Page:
The Null Device

Andrew Newberg, a neuroscientist at the University of Pennsylvania, is studying the neurology of mystical experience, by taking brain scans of meditators and praying nuns. His results so far are interesting:
During meditation, part of the parietal lobe, towards the top and rear of the brain, was much less active than when the volunteers were merely sitting still. With a thrill, Newberg and d'Aquili realised that this was the exact region of the brain where the distinction between self and other originates.
The limbic system is a part of the brain that dates from way back in our evolution. Its function nowadays is to monitor our experiences and label especially significant events, such as the sight of your child's face, with emotional tags to say "this is important". During an intense religious experience, researchers believe that the limbic system becomes unusually active, tagging everything with special significance.

So it seems that transcendental experience is all in internal metadata, and mystical experiences are just normal experiences with a "THIS IS IMPORTANT" bit set. Which makes sense.

And then there's Michael Persinger of Laurentian University, Ontario, who has developed a helmet that magnetically induces mystical experiences.

Through trial and error and a bit of educated guesswork, he's found that a weak magnetic field... rotating anticlockwise in a complex pattern about the temporal lobes will cause four out of five people to feel a spectral presence in the room with them... What people make of that presence depends on their own biases and beliefs. If a loved one has recently died, they may feel that person has returned to see them. Religious types often identify the presence as God. "This is all in the laboratory, so you can imagine what would happen if the person is alone in their bed at night or in a church, where the context is so important," he says. Persinger has donned the helmet himself and felt the presence, though he says the richness of the experience is diminished because he knows what's going on.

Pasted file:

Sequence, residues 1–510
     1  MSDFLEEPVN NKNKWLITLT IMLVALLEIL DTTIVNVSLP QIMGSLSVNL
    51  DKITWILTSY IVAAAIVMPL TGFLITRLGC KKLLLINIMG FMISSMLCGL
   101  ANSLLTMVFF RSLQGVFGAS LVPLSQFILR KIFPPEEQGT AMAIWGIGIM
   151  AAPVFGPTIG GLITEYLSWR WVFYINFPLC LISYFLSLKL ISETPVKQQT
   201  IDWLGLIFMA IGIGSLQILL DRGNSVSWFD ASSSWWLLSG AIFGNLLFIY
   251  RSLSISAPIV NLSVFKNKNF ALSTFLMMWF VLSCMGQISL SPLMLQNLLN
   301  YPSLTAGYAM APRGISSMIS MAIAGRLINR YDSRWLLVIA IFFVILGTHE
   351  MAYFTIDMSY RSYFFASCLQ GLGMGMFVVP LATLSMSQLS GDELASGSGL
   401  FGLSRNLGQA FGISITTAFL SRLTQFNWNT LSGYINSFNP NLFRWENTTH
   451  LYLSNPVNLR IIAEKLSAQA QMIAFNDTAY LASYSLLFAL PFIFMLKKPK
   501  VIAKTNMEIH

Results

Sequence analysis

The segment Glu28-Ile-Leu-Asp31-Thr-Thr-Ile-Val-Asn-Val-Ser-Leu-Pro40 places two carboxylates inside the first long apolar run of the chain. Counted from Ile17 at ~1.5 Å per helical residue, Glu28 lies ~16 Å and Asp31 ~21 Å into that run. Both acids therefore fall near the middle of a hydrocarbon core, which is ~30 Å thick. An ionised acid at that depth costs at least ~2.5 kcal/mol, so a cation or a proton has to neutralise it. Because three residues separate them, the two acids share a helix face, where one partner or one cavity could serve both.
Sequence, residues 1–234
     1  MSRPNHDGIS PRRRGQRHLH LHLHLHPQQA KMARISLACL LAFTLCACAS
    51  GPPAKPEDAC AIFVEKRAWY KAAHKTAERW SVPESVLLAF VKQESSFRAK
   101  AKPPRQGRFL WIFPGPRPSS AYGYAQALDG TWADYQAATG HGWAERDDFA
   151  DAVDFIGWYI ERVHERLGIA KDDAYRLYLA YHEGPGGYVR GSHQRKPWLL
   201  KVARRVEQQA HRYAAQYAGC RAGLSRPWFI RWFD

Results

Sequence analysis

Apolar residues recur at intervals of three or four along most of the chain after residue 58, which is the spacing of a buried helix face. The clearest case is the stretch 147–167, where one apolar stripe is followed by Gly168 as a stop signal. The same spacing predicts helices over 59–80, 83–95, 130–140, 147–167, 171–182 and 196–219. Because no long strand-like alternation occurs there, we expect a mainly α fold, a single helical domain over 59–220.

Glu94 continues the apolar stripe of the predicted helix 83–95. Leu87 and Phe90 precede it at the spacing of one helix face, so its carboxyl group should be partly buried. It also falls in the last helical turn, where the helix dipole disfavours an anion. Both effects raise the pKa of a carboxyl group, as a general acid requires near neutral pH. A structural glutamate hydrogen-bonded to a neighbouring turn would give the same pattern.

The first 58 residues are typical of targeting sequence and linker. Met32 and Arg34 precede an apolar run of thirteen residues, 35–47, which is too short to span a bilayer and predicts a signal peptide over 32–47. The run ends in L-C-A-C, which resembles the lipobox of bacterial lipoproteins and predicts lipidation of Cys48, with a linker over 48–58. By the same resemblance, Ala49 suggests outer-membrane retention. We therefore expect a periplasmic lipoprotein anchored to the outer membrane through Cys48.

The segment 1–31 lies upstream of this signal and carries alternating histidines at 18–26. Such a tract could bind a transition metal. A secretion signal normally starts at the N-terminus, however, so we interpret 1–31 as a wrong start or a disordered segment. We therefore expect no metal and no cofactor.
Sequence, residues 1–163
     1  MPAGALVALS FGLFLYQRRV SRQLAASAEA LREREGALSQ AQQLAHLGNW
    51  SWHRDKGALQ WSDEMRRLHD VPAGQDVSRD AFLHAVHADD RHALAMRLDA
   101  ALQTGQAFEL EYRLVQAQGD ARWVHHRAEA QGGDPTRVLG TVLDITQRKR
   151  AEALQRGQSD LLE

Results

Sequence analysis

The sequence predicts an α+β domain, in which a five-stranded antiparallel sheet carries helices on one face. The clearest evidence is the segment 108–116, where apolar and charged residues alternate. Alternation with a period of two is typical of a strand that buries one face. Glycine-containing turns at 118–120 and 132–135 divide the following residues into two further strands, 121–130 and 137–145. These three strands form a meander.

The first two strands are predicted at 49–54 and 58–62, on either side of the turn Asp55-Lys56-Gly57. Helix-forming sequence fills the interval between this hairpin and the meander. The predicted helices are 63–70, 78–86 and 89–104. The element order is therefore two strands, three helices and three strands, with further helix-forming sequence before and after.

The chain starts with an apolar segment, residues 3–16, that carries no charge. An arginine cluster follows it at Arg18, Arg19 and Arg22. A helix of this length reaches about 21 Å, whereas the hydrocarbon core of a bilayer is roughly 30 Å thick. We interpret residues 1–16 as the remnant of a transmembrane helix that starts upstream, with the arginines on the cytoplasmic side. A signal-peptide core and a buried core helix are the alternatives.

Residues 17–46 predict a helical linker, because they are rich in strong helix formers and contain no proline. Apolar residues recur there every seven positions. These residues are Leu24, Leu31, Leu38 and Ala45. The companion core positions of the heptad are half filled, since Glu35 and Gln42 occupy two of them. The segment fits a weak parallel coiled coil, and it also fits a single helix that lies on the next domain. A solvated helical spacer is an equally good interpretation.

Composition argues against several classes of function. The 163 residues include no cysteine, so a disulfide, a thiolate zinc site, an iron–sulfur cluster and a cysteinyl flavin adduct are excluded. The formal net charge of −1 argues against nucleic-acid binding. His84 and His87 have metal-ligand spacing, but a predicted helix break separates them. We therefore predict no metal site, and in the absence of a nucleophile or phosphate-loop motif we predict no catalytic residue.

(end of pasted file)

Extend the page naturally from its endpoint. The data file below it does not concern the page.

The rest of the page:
Of course, religious folks are not too keen on the idea that mystical experience is a purely physical phenomenon, and are quick to draw a distinction between "legitimate" mystical states and "illegitimate" ones (such as those induced by drugs or Dr. Persinger's magnetic helmet).

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